Similar to Beethoven, moved to Vienna, Austria – often considered to be the capital city of classical music – where he spent the majority of his career.

Being a virtuoso pianist as well as a composer, Brahms wrote extensivly for the piano and often premiered many of his own pieces and also worked closely with Clara Schumann (Robert Schumann’s wife) who was also a virtuoso pianist.

As well as composing for the piano, Brahms composed for diverse instrumentation including orchestras and vocal ensembles.

One of his most well known compositions is Wiegenlied Op. 49 (Lullaby) but you probably know it as “Hush Little Baby Don’t Say a Word” which is based on this piece.

Wiegenlied Op. 49 (Lullaby) – Johannes Brahms

Some other notable composition works of Brahms include “Die Mainacht,” “Symphony No. 1,” and “Piano Concerto in F minor.”

In early 1896, Brahms was diagnosed with jaundice and liver cancer with his condition worsening until he died the following year on the 3rd April 1897 at the age 63.

4. George Frideric Handel (1685-1759)

George Frideric Handel (1685-1759)

George Frideric Handel (baptized Georg Friederich Händel) was born in Halle, Germany on the 23rd February 1685.

He began learning the organ after Duke Johann Adolf I heard him play and recommend he take lessons.

After that he began studying with Germany musician and composer Friedrich Zachow who taught him instruments like the oboe, organ and violin plus lessons on counterpoint.

Handel spent his early years composing in Hamburg but bounced around a little before eventually settling down in London, England in 1712.

Handel was most well-known for his operas and has been described as a dramatic genius.

He premiered many of his operas for noblemen but created them to be enjoyable for the middle class as well.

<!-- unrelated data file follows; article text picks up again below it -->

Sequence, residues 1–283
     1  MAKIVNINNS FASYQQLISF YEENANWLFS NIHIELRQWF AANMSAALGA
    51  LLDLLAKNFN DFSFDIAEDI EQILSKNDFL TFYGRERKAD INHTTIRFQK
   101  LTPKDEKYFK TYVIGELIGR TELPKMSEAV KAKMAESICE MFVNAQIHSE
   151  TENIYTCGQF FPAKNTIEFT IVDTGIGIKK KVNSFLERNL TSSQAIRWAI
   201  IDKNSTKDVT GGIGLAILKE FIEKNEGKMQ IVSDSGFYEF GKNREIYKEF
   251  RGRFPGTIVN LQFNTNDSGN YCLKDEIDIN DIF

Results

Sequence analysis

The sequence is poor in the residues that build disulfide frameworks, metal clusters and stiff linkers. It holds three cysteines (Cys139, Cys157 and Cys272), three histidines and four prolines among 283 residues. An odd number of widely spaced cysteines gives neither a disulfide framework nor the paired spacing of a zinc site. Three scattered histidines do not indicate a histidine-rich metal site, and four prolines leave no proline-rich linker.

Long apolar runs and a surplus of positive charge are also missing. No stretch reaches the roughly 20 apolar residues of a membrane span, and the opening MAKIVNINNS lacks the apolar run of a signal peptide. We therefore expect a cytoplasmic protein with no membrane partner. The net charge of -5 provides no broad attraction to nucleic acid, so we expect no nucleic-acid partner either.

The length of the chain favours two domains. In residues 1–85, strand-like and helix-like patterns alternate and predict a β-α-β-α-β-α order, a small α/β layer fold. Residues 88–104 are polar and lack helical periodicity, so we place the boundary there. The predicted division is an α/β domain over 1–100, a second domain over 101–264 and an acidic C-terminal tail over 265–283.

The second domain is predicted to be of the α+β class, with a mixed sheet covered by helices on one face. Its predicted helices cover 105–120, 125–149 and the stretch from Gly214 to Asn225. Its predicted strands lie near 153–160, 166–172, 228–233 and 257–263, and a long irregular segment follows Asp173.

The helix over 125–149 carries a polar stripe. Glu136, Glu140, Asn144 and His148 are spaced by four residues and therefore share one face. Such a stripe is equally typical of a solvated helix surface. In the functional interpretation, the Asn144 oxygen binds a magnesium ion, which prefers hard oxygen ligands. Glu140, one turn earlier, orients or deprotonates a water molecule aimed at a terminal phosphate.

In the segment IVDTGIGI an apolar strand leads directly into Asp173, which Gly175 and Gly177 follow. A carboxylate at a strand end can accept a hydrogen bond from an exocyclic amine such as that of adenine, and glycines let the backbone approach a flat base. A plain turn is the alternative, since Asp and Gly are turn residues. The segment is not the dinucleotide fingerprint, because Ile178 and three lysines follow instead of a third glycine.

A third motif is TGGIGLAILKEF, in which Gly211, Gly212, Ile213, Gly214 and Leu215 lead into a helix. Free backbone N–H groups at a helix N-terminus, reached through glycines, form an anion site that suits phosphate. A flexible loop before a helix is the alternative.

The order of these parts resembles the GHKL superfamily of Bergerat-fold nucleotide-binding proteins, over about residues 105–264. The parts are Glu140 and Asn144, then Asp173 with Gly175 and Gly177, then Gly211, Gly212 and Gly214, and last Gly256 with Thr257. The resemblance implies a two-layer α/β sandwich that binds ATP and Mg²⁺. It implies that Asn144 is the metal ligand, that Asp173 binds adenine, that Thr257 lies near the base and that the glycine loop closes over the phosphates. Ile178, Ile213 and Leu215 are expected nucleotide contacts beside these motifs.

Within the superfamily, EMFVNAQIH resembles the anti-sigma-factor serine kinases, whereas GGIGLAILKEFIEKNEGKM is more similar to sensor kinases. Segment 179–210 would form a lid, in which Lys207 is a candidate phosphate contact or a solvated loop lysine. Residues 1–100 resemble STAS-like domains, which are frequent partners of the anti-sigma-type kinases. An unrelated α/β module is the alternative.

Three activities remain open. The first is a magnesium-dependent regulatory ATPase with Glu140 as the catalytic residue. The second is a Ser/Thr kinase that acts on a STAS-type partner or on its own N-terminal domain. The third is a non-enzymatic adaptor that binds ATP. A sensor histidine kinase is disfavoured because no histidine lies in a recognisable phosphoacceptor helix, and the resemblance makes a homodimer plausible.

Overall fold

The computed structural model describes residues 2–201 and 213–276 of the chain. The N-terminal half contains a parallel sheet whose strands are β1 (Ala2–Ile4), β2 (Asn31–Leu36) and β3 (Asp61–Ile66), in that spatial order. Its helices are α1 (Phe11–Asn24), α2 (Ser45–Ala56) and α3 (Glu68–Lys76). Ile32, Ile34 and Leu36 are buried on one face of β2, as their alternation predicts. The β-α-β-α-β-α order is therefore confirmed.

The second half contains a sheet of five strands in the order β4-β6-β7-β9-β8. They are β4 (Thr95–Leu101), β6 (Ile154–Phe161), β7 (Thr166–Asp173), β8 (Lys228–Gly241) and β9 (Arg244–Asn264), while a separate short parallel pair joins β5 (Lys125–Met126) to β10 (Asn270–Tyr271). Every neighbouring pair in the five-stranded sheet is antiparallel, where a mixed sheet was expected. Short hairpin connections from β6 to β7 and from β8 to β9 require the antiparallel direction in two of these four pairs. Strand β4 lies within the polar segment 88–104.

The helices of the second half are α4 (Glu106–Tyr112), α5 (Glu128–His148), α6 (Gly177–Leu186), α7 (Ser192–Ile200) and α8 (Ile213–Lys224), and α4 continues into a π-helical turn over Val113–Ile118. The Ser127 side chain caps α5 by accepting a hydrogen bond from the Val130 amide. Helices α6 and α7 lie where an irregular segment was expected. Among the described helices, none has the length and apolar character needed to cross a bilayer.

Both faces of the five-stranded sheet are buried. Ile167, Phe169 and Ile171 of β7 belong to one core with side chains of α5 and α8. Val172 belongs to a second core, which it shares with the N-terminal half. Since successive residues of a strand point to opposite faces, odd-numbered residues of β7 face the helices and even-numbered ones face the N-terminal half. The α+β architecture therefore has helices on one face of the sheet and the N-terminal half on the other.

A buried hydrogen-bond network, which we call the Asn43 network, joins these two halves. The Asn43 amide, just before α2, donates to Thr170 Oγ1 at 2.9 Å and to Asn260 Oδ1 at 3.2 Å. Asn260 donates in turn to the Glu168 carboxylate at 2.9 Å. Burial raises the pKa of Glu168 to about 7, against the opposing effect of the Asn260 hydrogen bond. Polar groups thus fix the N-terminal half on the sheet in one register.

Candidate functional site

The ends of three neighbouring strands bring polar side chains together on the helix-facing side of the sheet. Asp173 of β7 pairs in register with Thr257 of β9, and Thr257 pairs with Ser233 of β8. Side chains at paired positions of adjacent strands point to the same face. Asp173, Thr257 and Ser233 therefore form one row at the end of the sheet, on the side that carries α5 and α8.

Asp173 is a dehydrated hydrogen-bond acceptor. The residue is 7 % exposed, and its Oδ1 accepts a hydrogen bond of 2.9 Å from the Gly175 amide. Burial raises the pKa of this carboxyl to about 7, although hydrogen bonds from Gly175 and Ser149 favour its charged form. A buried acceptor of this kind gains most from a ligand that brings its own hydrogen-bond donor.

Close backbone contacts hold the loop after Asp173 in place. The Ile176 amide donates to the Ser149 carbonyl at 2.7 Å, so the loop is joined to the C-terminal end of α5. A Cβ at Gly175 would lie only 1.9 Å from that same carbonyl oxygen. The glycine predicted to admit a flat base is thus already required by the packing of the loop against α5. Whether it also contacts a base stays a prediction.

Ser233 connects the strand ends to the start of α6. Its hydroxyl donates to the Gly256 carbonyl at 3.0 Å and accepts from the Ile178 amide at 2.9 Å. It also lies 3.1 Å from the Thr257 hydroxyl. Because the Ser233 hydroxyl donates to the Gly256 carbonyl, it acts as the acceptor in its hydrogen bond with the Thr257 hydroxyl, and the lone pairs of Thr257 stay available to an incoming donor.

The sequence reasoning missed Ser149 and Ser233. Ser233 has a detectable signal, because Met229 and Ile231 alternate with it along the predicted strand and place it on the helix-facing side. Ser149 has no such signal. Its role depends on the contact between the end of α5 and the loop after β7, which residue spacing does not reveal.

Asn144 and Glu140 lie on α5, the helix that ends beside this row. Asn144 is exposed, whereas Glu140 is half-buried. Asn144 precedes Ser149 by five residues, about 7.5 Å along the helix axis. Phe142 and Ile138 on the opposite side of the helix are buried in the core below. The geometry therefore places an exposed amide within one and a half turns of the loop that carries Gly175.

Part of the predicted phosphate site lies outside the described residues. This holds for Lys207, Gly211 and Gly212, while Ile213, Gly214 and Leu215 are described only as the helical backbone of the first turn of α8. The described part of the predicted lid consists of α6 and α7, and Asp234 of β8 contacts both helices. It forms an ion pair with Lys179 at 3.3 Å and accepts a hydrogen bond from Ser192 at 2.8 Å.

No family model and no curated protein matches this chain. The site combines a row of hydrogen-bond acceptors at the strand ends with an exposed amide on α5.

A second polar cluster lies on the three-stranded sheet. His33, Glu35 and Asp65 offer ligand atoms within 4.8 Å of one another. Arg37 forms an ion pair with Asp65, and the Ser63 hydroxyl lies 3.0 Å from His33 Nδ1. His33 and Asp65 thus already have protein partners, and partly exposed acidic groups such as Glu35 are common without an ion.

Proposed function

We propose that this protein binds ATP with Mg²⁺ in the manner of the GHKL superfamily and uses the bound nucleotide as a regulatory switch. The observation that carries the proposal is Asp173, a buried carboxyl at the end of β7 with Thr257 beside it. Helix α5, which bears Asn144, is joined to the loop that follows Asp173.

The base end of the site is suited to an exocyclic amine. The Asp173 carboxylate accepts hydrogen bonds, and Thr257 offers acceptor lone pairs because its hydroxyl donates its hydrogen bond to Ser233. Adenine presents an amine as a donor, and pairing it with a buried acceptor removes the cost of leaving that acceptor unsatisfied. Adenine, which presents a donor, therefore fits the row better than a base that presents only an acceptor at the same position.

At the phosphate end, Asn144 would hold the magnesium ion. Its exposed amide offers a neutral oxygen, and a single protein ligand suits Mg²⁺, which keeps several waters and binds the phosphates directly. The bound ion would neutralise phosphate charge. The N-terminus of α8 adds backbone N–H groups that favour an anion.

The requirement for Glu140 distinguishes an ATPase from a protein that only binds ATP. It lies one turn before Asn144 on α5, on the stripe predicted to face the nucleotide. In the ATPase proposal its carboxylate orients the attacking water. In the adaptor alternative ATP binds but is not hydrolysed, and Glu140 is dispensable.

The diverse pieces appealed to all and he was among the most well-respected composers of the Baroque Era.

His most famous piece is undoubtedly the ‘Hallelujah Chorus’ from the ‘Messiah’.

Some of Handel’s other beloved works include “Suite No 4 in D Minor: Sarabande,” “Water Works,” and “Music For The Royal Fireworks.”

During the last decade of his life, Handel began to lose his eyesight and eventually went completely blind with cause widely debated but still remaining unknown.

He died on the 14th April 1759 at the age of 74.

5. Richard Strauss (1864-1949)

Richard Strauss

One of the few composers to remain in Germany for the majority of his career, Richard Georg Strauss (not to be confused with Austrian composer Johann Strauss II) was born in Munich on the 11th June 1864.

Strauss began piano lessons at the young age of four and was heavily inspired by his father, one of the greatest French Horn players in Germany at the time and principal in the Munich Court Orchestra.

Strauss started composing early too writing his first composition at the young age of 6 and continuing to do so throughout his entire life.

Being heavily inspired by German composer Wagner (who we’ll look at later in this article), Strauss’s music is usually associated with the late romantic style with lush melodies and large emotion and expression.

His compositions consist mainly of tone poems and operas however, he did compose some instrumental works including a couple of symphonies and some concertos.

In addition to being an accomplished composer, Strauss was also a rather well-known conductor throughout Germany; sometimes holding 2 prestigious conducting positions simultaneously.

His wife was a soprano opera singer named Pauline de Ahna and due to their lines of work, they collaborated often.

One of my favorite works of Richard Strauss has to be ‘Also Sprach Zarathustra’ which was used as the opening music for 2001: A Space Oddysey.

Some of Strauss’ other notable works include “Don Juan,” “Death and Transfiguration,” “An Alpine Symphony,” and “Elektra.”

In early 1948, Strauss knew that his health was beginning to decline and at this point, he continued his work and composed “Four Last Songs.”